<p>Foreword xv</p> <p>Preface xvii</p> <p>Acknowledgments xix</p> <p>About the CFA Institute Investment Series xxi</p> <p><b>Chapter 1 Introduction to Corporate Governance and Other ESG Considerations 1</b></p> <p>Learning Outcomes 1</p> <p>1. Introduction and Overview of Corporate Governance 2</p> <p>1.1. Corporate Governance Overview 2</p> <p>2. Stakeholder Groups 4</p> <p>2.1. Stakeholder Groups 4</p> <p>3. Principal–Agent and Other Relationships in Corporate Governance 7</p> <p>3.1. Shareholder and Manager/Director Relationships 8</p> <p>3.2. Controlling and Minority Shareholder Relationships 8</p> <p>3.3. Manager and Board Relationships 9</p> <p>3.4. Shareholder versus Creditor Interests 9</p> <p>3.5. Other Stakeholder Conflicts 10</p> <p>4. Overview and Mechanisms of Stakeholder Management 10</p> <p>4.1. Overview of Stakeholder Management 10</p> <p>4.2. Mechanisms of Stakeholder Management 11</p> <p>5. Mechanisms to Mitigate Associated Stakeholder Risks 15</p> <p>5.1. Employee Laws and Contracts 16</p> <p>5.2. Contractual Agreements with Customers and Suppliers 17</p> <p>5.3. Laws and Regulations 17</p> <p>6. Company Boards and Committees 18</p> <p>6.1. Composition of the Board of Directors 18</p> <p>6.2. Functions and Responsibilities of the Board 19</p> <p>6.3. Board of Directors Committees 20</p> <p>7. Relevant Factors in Analyzing Corporate Governance and Stakeholder Management 22</p> <p>7.1. Market Factors 22</p> <p>7.2. Non-Market Factors 24</p> <p>8. Risks and Benefits of Corporate Governance and Stakeholder Management 25</p> <p>8.1. Risks of Poor Governance and Stakeholder Management 26</p> <p>8.2. Benefits of Effective Governance and Stakeholder Management 27</p> <p>9. Factors Relevant to Corporate Governance and Stakeholder Management Analysis 28</p> <p>9.1. Economic Ownership and Voting Control 29</p> <p>9.2. Board of Directors Representation 29</p> <p>9.3. Remuneration and Company Performance 30</p> <p>9.4. Investors in the Company 31</p> <p>9.5. Strength of Shareholders’ Rights 31</p> <p>9.6. Managing Long-Term Risks 32</p> <p>9.7. Summary of Analyst Considerations 32</p> <p>10. ESG Considerations for Investors and Analysts 33</p> <p>10.1. Introduction to Environmental, Social, and Governance issues 33</p> <p>10.2. ESG Investment Strategies 34</p> <p>10.3. ESG Investment Approaches 35</p> <p>10.4. Catalysts for Growth in ESG Investing 38</p> <p>10.5. ESG Market Overview 39</p> <p>10.6. ESG Factors in Investment Analysis 39</p> <p>Summary 42</p> <p><b>Chapter 2 Introduction to Alternative Investments 45</b></p> <p>Learning Outcomes 45</p> <p>1. Introduction 45</p> <p>1.1. Why Investors Consider Alternative Investments 46</p> <p>1.2. Categories of Alternative Investments 47</p> <p>2. Investment Methods 49</p> <p>2.1. Methods of Investing in Alternative Investments 49</p> <p>2.2. Advantages and Disadvantages of Direct Investing, Co-investing, and Fund Investing 51</p> <p>2.3. Due Diligence for Fund Investing, Direct Investing, and Co-investing 54</p> <p>3. Investment and Compensation Structures 56</p> <p>3.1. Partnership Structures 56</p> <p>3.2. Compensation Structures 58</p> <p>3.3. Common Investment Clauses, Provisions, and Contingencies 59</p> <p>4. Hedge Funds 62</p> <p>4.1. Characteristics of Hedge Funds 62</p> <p>4.2. Hedge Fund Strategies 66</p> <p>4.3. Hedge Funds and Diversification Benefits 71</p> <p>5. Private Capital 71</p> <p>5.1. Overview of Private Capital 71</p> <p>5.2. Description: Private Equity 72</p> <p>5.3. Description: Private Debt 76</p> <p>5.4. Risk/Return of Private Equity 79</p> <p>5.5. Risk/Return of Private Debt 79</p> <p>5.6. Diversification Benefits of Investing in Private Capital 81</p> <p>6. Natural Resources 82</p> <p>6.1. Overview of Natural Resources 82</p> <p>6.2. Characteristics of Natural Resources 83</p> <p>6.3. Risk/Return of Natural Resources 87</p> <p>6.4. Diversification Benefits of Natural Resources 90</p> <p>6.5. Instruments 95</p> <p>7. Real Estate 96</p> <p>7.1. Overview of the Real Estate Market 96</p> <p>7.2. Characteristics: Forms of Real Estate Ownership 98</p> <p>7.3. Characteristics: Real Estate Investment Categories 103</p> <p>7.4. Risk and Return Characteristics 105</p> <p>7.5. Diversification Benefits 108</p> <p>8. Infrastructure 110</p> <p>8.1. Introduction and Overview 110</p> <p>8.2. Description 112</p> <p>8.3. Risk and Return Characteristics 114</p> <p>8.4. Diversification Benefits 117</p> <p>9. Issues in Performance Appraisal 118</p> <p>9.1. Overview of Performance Appraisal for Alternative Investments 118</p> <p>9.2. Common Approaches to Performance Appraisal and Application Challenges 119</p> <p>9.3. Private Equity and Real Estate Performance Evaluation 122</p> <p>9.4. Hedge Funds: Leverage, Illiquidity, and Redemption Terms 124</p> <p>10. Calculating Fees and Returns 128</p> <p>10.1. Alternative Asset Fee Structures and Terms 129</p> <p>10.2. Custom Fee Arrangements 129</p> <p>10.3. Alignment of Interests and Survivorship Bias 134</p> <p>Summary 136</p> <p><b>Chapter 3 Real Estate Investments 145</b></p> <p>Learning Outcomes 145</p> <p>Section A. Overview of Types of Real Estate Investment 146</p> <p>1. Introduction and Basic Forms of Real Estate Investment 146</p> <p>1.1. Real Estate Market Size 147</p> <p>1.2. Real Estate Investment: Basic Forms 147</p> <p>1.3. Characteristics 150</p> <p>1.4. Risk Factors 153</p> <p>2. Economic Value Drivers, Role in Portfolio, and Risk/Return of Real Estate Investments Relative to Stocks and Bonds 157</p> <p>2.1. Economic Drivers 157</p> <p>2.2. Role of Real Estate in an Investment Portfolio 160</p> <p>2.3. Real Estate Risk and Return Relative to Stocks and Bonds 163</p> <p>2.4. Classifications 166</p> <p>2.5. Investment Characteristics by Property Type 168</p> <p>3. Considerations in Analysis and Due Diligence 173</p> <p>4. Indexes 175</p> <p>4.1. Appraisal-Based Indexes 175</p> <p>4.2. Transaction-Based Indexes 176</p> <p>4.3. Advantages and Disadvantages of Appraisal-Based and Transaction-Based Indexes 177</p> <p>4.4. Real Estate Security Indexes 179</p> <p>Section B. Investments in Real Estate through Private Vehicles 179</p> <p>5. Introduction to Valuation Approaches 179</p> <p>5.1. Highest and Best Use 181</p> <p>6. The Income Approach to Valuation: Discount Rates and the Direct Capitalization of NOI and DCF Methods 182</p> <p>6.1. Similarities in Approaches 183</p> <p>6.2. The Direct Capitalization Method 183</p> <p>7. The DCF Method, the Relationship between Discount Rate and Cap Rate, and the Terminal Capitalization Rate 187</p> <p>7.1. The Relationship between the Discount Rate and the Cap Rate 187</p> <p>7.2. The Terminal Capitalization Rate 189</p> <p>8. Private Market Real Estate Debt 194</p> <p>Section C. Investments in Real Estate Through Publicly Traded Securities 197</p> <p>9. Types of Publicly Traded Real Estate Securities 197</p> <p>9.1. REIT Structures 198</p> <p>9.2. Market Size 199</p> <p>9.3. Benefits and Disadvantages of Investing in REITs 200</p> <p>10. Valuation: Net Asset Value Approach 203</p> <p>10.1. Accounting for Investment Properties 203</p> <p>10.2. Net Asset Value per Share: Calculation 204</p> <p>10.3. Net Asset Value per Share: Application 206</p> <p>11. Valuation: Relative Value (Price Multiple) Approach 208</p> <p>11.1. Relative Value Approach to Valuing REIT Stocks 208</p> <p>11.2. Funds from Operations and Adjusted Funds from Operations 209</p> <p>11.3. P/FFO and P/AFFO Multiples: Advantages and Drawbacks 214</p> <p>12. REIT Mini Case Study: Example of Disclosures and Valuation Analysis 215</p> <p>12.1. Selection of Valuation Methods 221</p> <p>13. Private versus Public: A Comparison 223</p> <p>Summary 224</p> <p>General Characteristics of Real Estate 225</p> <p>Private Equity Real Estate 226</p> <p>Publicly Traded Real Estate Securities 226</p> <p><b>Chapter 4 Private Equity Investments 239</b></p> <p>Learning Outcomes 239</p> <p>1. Introduction 239</p> <p>2. Introduction to Valuation Techniques in Private Equity Transactions 241</p> <p>2.1. How Is Value Created in Private Equity? 244</p> <p>2.2. Using Market Data in Valuation 247</p> <p>3. Contrasting Venture Capital and Buyout Investments 248</p> <p>4. LBO model for valuation of Buyout Transactions 249</p> <p>4.1. The LBO Model 250</p> <p>5. VC Method for valuation of Venture Capital Transactions1 253</p> <p>5.1. Expected Exit Valuation 254</p> <p>5.2. Required Rate of Return 254</p> <p>5.3. Option Pools 255</p> <p>5.4. Stage Financing 256</p> <p>6. Exit Routes: Return Cash to Investors 258</p> <p>6.1. Exit Routes: Summary 259</p> <p>7. Risks and Costs of investing in Private Equity 260</p> <p>7.1. What Are the Risks and Costs of Investing in Private Equity? 260</p> <p>8. Private Equity Fund Structures and Terms 261</p> <p>8.1. Economic Terms 263</p> <p>8.2. Corporate Governance Terms 264</p> <p>8.3. Due Diligence Investigations by Potential Investors 266</p> <p>8.4. Private Equity Fund Valuation 266</p> <p>9. Evaluating Fund Performance and Concept in Action: Evaluating a</p> <p>Private Equity Fund 267</p> <p>9.1. Analysis of IRR since Inception 267</p> <p>9.2. Analysis of Return Multiples 268</p> <p>Summary 272</p> <p><b>Chapter 5 Introduction to Commodities and Commodity Derivatives 279</b></p> <p>Learning Outcomes 279</p> <p>1. Introduction 279</p> <p>2. Commodity Sectors 280</p> <p>2.1. Commodity Sectors 282</p> <p>3. Life Cycle of Commodities 284</p> <p>3.1. Energy 285</p> <p>3.2. Industrial/Precious Metals 286</p> <p>3.3. Livestock 287</p> <p>3.4. Grains 288</p> <p>3.5. Softs 289</p> <p>4. Valuation of Commodities 290</p> <p>5. Commodities Futures Markets: Participants 292</p> <p>5.1. Futures Market Participants 292</p> <p>6. Commodity Spot and Futures Pricing 295</p> <p>7. Theories of Futures Returns 300</p> <p>7.1. Theories of Futures Returns 300</p> <p>8. Components of Futures Returns 306</p> <p>9. Contango, Backwardation, and the Roll Return 311</p> <p>10. Commodity Swaps 313</p> <p>10.1. Total Return Swap 315</p> <p>10.2. Basis Swap 315</p> <p>10.3. Variance Swaps and Volatility Swaps 316</p> <p>11. Commodity Indexes 317</p> <p>11.1. S&P GSCI 319</p> <p>11.2. Bloomberg Commodity Index 320</p> <p>11.3. Deutsche Bank Liquid Commodity Index 320</p> <p>11.4. Thomson Reuters/CoreCommodity CRB Index 320</p> <p>11.5. Rogers International Commodity Index 321</p> <p>11.6. Rebalancing Frequency 321</p> <p>11.7. Commodity Index Summary 321</p> <p>Summary 322</p> <p><b>Chapter 6 Hedge Fund Strategies 331</b></p> <p>Learning Outcomes 331</p> <p>1. Introduction and Classification of Hedge Fund Strategies 331</p> <p>1.1. Classification of Hedge Funds and Strategies 333</p> <p>2. Equity Strategies: Long/Short Equity 336</p> <p>2.1. Long/Short Equity 337</p> <p>3. Equity Strategies: Dedicated Short Selling and Short-Biased 340</p> <p>3.1. Investment Characteristics 340</p> <p>3.2. Strategy Implementation 342</p> <p>4. Equity Strategies: Equity Market Neutral 344</p> <p>4.1. Investment Characteristics 345</p> <p>4.2. Strategy Implementation 346</p> <p>5. Event-Driven Strategies: Merger Arbitrage 348</p> <p>5.1. Merger Arbitrage 348</p> <p>6. Event-Driven Strategies: Distressed Securities 351</p> <p>6.1. Investment Characteristics 352</p> <p>6.2. Strategy Implementation 353</p> <p>7. Relative Value Strategies: Fixed Income Arbitrage 355</p> <p>7.1. Fixed-Income Arbitrage 355</p> <p>8. Relative Value Strategies: Convertible Bond Arbitrage 359</p> <p>8.1. Investment Characteristics 360</p> <p>8.2. Strategy Implementation 361</p> <p>9. Opportunistic Strategies: Global Macro Strategies 363</p> <p>9.1. Global Macro Strategies 364</p> <p>10. Opportunistic Strategies: Managed Futures 367</p> <p>10.1. Investment Characteristics 367</p> <p>10.2. Strategy Implementation 368</p> <p>11. Specialist Strategies 371</p> <p>11.1. Volatility Trading 371</p> <p>11.2. Reinsurance/Life Settlements 375</p> <p>12. Multi-Manager Strategies 378</p> <p>12.1. Fund-of-Funds 378</p> <p>12.2. Multi-Strategy Hedge Funds 380</p> <p>13. Analysis of Hedge Fund Strategies using a Conditional Factor Risk Model 384</p> <p>13.1. Conditional Factor Risk Model 385</p> <p>14. Evaluating Equity Hedge Fund Strategies: Application 389</p> <p>15. Evaluating Multi-manager Hedge Fund Strategies: Application 394</p> <p>16. Portfolio Contribution of Hedge Fund Strategies 397</p> <p>16.1. Performance Contribution to a 60/40 Portfolio 397</p> <p>16.2. Risk Metrics 400</p> <p>Summary 403</p> <p><b>Chapter 7 Capital Market Expectations: Forecasting Asset Class Returns 415</b></p> <p>Learning Outcomes 415</p> <p>1. Introduction 415</p> <p>2. Overview of Tools and Approaches 416</p> <p>2.1. The Nature of the Problem 416</p> <p>2.2. Approaches to Forecasting 416</p> <p>3. Forecasting Fixed Income Returns 418</p> <p>3.1. Applying DCF to Fixed Income 418</p> <p>3.2. The Building Block Approach to Fixed-Income Returns 420</p> <p>4. Risks in Emerging Market Bonds 426</p> <p>4.1. Economic Risks/Ability to Pay 426</p> <p>4.2. Political and Legal Risks/Willingness to Pay 427</p> <p>5. Forecasting Equity Returns 428</p> <p>5.1. Historical Statistics Approach to Equity Returns 429</p> <p>5.2. DCF Approach to Equity Returns 430</p> <p>5.3. Risk Premium Approaches to Equity Returns 432</p> <p>5.4. Risks in Emerging Market Equities 437</p> <p>6. Forecasting Real Estate Returns 438</p> <p>6.1. Historical Real Estate Returns 438</p> <p>6.2. Real Estate Cycles 439</p> <p>6.3. Capitalization Rates 440</p> <p>6.4. The Risk Premium Perspective on Real Estate Expected Return 441</p> <p>6.5. Real Estate in Equilibrium 442</p> <p>6.6. Public versus Private Real Estate 442</p> <p>6.7. Long-Term Housing Returns 443</p> <p>7. Forecasting Exchange Rates 445</p> <p>7.1. Focus on Goods and Services, Trade, and the Current Account 446</p> <p>7.2. Focus on Capital Flows 448</p> <p>8. Forecasting Volatility 453</p> <p>8.1. Estimating a Constant VCV Matrix with Sample Statistics 453</p> <p>8.2. VCV Matrices from Multi-Factor Models 454</p> <p>8.3. Shrinkage Estimation of VCV Matrices 455</p> <p>8.4. Estimating Volatility from Smoothed Returns 456</p> <p>8.5. Time-Varying Volatility: ARCH Models 457</p> <p>9. Adjusting a Global Portfolio 459</p> <p>9.1. Macro-Based Recommendations 459</p> <p>9.2. Quantifying the Views 461</p> <p>Summary 462</p> <p><b>Chapter 8 Asset Allocation to Alternative Investments 475</b></p> <p>Learning Outcomes 475</p> <p>1. Introduction and The Role of Alternative Investments in a Multi-asset Portfolio 475</p> <p>1.1. The Role of Alternative Investments in a Multi-asset Portfolio 476</p> <p>2. Diversifying Equity Risk 483</p> <p>2.1. Volatility Reduction over the Short Time Horizon 483</p> <p>2.2. Risk of Not Meeting the Investment Goals over the Long Time Horizon 486</p> <p>3. Traditional Approaches to Asset Classification 488</p> <p>3.1. Traditional Approaches to Asset Classification 488</p> <p>4. Risk-Based Approaches to Asset Classification and Comparing Risk-Based and Traditional Approaches 491</p> <p>4.1. Illustration: Asset Allocation and Risk-Based Approaches 495</p> <p>4.2. Comparing Risk-Based and Traditional Approaches 497</p> <p>5. Risk Considerations, Return Expectations and Investment Vehicle 499</p> <p>5.1. Risk Considerations 499</p> <p>5.2. Return Expectations 500</p> <p>5.3. Investment Vehicle 501</p> <p>6. Liquidity 502</p> <p>6.1. Liquidity Risks Associated with the Investment Vehicle 503</p> <p>6.2. Liquidity Risks Associated with the Underlying Investments 505</p> <p>7. Fees and Expenses, Tax Considerations, and Other Considerations 506</p> <p>7.1. Tax Considerations 507</p> <p>7.2. Other Considerations 507</p> <p>8. Suitability Considerations 510</p> <p>8.1. Investment Horizon 510</p> <p>8.2. Expertise 510</p> <p>8.3. Governance 511</p> <p>8.4. Transparency 511</p> <p>9. Asset Allocation Approaches and Statistical Properties and Challenges of Asset Returns 513</p> <p>9.1. Statistical Properties and Challenges of Asset Returns 514</p> <p>10. Monte Carlo Simulation 519</p> <p>10.1. Simulating Skewed and Fat-Tailed Financial Variables 520</p> <p>10.2. Simulation for Long-Term Horizon Risk Assessment 522</p> <p>11. Portfolio Optimization 526</p> <p>11.1. Mean–Variance Optimization without and with Constraints 526</p> <p>11.2. Mean–CVaR Optimization 528</p> <p>12. Risk Factor-Based Optimization 532</p> <p>13. Liquidity Planning and Achieving and Maintaining the Strategic Asset Allocation 535</p> <p>13.1. Achieving and Maintaining the Strategic Asset Allocation 536</p> <p>14. Managing the Capital Calls and Preparing for the Unexpected 542</p> <p>14.1. Preparing for the Unexpected 542</p> <p>15. Monitoring the Investment Program 547</p> <p>15.1. Overall Investment Program Monitoring 547</p> <p>15.2. Performance Evaluation 547</p> <p>15.3. Monitoring the Firm and the Investment Process 549</p> <p>Summary 551</p> <p><b>Chapter 9 Integrated Cases in Risk Management: Institutional 563</b></p> <p>Learning Outcomes 563</p> <p>1. Introduction 563</p> <p>2. Financial Risks Faced by Institutional Investors 564</p> <p>2.1. Long-Term Perspective 564</p> <p>2.2. Dimensions of Financial Risk Management 564</p> <p>2.3. Risk Considerations for Long-Term Investors 567</p> <p>2.4. Risks Associated with Illiquid Asset Classes 569</p> <p>2.5. Managing Liquidity Risk 573</p> <p>2.6. Enterprise Risk Management for Institutional Investors 575</p> <p>3. Environmental and Social Risks Faced by Institutional Investors 577</p> <p>3.1. Universal Ownership, Externalities, and Responsible Investing 577</p> <p>3.2. Material Environmental Issues for an Institutional Investor 578</p> <p>3.3. Material Social Issues for an Institutional Investor 584</p> <p>Case Study 586</p> <p>1. Case Study: Introduction 586</p> <p>2. Case Study: Background 586</p> <p>3. R-SWF’S Investments: 1.0 586</p> <p>Investment Committee Meeting 1.0 592</p> <p>4. R-SWF’S Investments: 2.0 603</p> <p>Investment Committee Meeting 2.0 608</p> <p>5. R-SWF’S Investments: 3.0 616</p> <p>References 617</p> <p>Glossary 619</p> <p>About the Editors and Authors 627</p> <p>Index 631 </p>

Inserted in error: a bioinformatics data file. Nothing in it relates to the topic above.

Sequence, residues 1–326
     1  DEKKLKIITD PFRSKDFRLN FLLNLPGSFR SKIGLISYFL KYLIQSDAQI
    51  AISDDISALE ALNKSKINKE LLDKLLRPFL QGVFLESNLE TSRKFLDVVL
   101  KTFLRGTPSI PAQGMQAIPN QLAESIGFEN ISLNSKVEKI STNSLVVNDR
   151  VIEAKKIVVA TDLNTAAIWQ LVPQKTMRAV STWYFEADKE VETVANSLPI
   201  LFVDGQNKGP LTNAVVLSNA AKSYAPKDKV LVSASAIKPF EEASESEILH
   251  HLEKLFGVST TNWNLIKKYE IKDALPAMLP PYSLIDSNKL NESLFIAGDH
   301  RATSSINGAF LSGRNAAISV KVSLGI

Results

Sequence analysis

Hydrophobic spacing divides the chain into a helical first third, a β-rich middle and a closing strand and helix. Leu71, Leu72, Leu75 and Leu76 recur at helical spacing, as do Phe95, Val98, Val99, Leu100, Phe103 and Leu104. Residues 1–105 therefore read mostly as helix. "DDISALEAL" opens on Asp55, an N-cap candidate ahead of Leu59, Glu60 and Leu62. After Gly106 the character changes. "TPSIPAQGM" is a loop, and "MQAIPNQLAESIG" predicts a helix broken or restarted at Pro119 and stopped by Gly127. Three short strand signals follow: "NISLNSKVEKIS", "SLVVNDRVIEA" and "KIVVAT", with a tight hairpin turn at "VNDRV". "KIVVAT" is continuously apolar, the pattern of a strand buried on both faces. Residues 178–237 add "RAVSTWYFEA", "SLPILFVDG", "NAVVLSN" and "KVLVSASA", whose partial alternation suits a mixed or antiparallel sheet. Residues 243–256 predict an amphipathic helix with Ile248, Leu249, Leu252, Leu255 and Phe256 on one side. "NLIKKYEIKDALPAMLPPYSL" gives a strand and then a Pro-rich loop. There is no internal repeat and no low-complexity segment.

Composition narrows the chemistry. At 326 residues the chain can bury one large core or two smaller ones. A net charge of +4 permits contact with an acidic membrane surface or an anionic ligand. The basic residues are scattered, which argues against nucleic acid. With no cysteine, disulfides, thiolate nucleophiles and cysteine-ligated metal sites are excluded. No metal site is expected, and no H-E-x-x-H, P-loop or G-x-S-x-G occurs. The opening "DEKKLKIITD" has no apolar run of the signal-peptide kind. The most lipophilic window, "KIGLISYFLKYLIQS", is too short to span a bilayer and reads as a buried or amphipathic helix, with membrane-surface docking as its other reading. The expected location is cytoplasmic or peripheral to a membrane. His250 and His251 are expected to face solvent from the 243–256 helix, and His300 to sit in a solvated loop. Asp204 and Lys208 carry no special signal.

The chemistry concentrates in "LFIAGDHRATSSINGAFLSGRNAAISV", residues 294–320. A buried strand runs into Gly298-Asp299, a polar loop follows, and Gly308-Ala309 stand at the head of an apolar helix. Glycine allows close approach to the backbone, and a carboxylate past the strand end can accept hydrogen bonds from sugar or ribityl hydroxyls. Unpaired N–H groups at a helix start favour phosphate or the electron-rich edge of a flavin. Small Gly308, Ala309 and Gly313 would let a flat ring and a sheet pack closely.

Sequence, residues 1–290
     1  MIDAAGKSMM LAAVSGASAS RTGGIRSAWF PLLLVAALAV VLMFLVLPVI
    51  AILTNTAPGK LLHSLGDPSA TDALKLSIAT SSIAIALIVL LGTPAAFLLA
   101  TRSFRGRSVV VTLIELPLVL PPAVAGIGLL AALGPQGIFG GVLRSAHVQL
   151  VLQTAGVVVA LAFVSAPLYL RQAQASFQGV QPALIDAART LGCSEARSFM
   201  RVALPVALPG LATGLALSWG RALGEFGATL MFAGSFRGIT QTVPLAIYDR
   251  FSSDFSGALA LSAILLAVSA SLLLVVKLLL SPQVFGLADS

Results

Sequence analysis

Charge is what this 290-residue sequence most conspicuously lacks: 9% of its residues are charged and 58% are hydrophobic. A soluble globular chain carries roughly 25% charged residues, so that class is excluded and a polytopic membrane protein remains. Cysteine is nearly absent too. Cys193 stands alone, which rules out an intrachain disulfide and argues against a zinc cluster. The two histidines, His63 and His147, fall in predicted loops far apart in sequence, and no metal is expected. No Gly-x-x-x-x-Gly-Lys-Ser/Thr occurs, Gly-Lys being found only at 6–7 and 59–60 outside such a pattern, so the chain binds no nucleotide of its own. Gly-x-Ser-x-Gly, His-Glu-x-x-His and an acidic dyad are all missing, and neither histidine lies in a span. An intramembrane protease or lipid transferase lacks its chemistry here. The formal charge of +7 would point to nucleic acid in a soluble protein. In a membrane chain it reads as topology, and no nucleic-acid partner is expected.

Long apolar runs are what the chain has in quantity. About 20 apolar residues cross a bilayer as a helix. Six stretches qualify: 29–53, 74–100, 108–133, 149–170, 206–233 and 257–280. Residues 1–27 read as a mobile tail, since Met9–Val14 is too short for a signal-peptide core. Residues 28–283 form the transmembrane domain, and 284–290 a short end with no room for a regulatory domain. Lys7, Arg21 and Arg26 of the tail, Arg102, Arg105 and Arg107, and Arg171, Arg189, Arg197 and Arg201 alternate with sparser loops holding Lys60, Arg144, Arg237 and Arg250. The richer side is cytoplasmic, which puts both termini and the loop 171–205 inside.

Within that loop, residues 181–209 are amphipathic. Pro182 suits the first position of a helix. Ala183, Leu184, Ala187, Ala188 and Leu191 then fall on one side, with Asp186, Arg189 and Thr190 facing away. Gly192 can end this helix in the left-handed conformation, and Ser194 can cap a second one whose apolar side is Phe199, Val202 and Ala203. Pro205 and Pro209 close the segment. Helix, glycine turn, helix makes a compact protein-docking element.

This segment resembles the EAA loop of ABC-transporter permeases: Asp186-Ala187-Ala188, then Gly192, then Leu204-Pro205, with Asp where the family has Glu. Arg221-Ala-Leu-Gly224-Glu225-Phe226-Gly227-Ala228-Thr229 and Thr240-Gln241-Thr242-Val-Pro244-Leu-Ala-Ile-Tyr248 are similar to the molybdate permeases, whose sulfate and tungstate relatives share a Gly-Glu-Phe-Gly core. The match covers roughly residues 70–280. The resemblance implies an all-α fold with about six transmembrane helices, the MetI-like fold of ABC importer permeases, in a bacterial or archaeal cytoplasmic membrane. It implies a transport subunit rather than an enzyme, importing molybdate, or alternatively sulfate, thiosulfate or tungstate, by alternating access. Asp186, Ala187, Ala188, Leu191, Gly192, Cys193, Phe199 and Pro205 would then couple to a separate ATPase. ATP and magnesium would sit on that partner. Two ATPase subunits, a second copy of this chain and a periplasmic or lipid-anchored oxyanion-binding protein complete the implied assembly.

<b>CFA Institute</b> is the global association of investment professionals that sets the standard for professional excellence and credentials. The organization is a champion for ethical behavior in investment markets and a respected source of knowledge in the global financial community. The end goal: to create an environment where investors’ interests come first, markets function at their best, and economies grow. CFA Institute has more than 170,000 members in 160+ countries and territories, including 163,000 CFA<sup style="font-family: Arial;">®</sup>; charterholders, and 150+ member societies. For more information, visit www.cfainstitute.org.<strong style="font-family: Arial; font-size: 13.3333px;"><br /></b>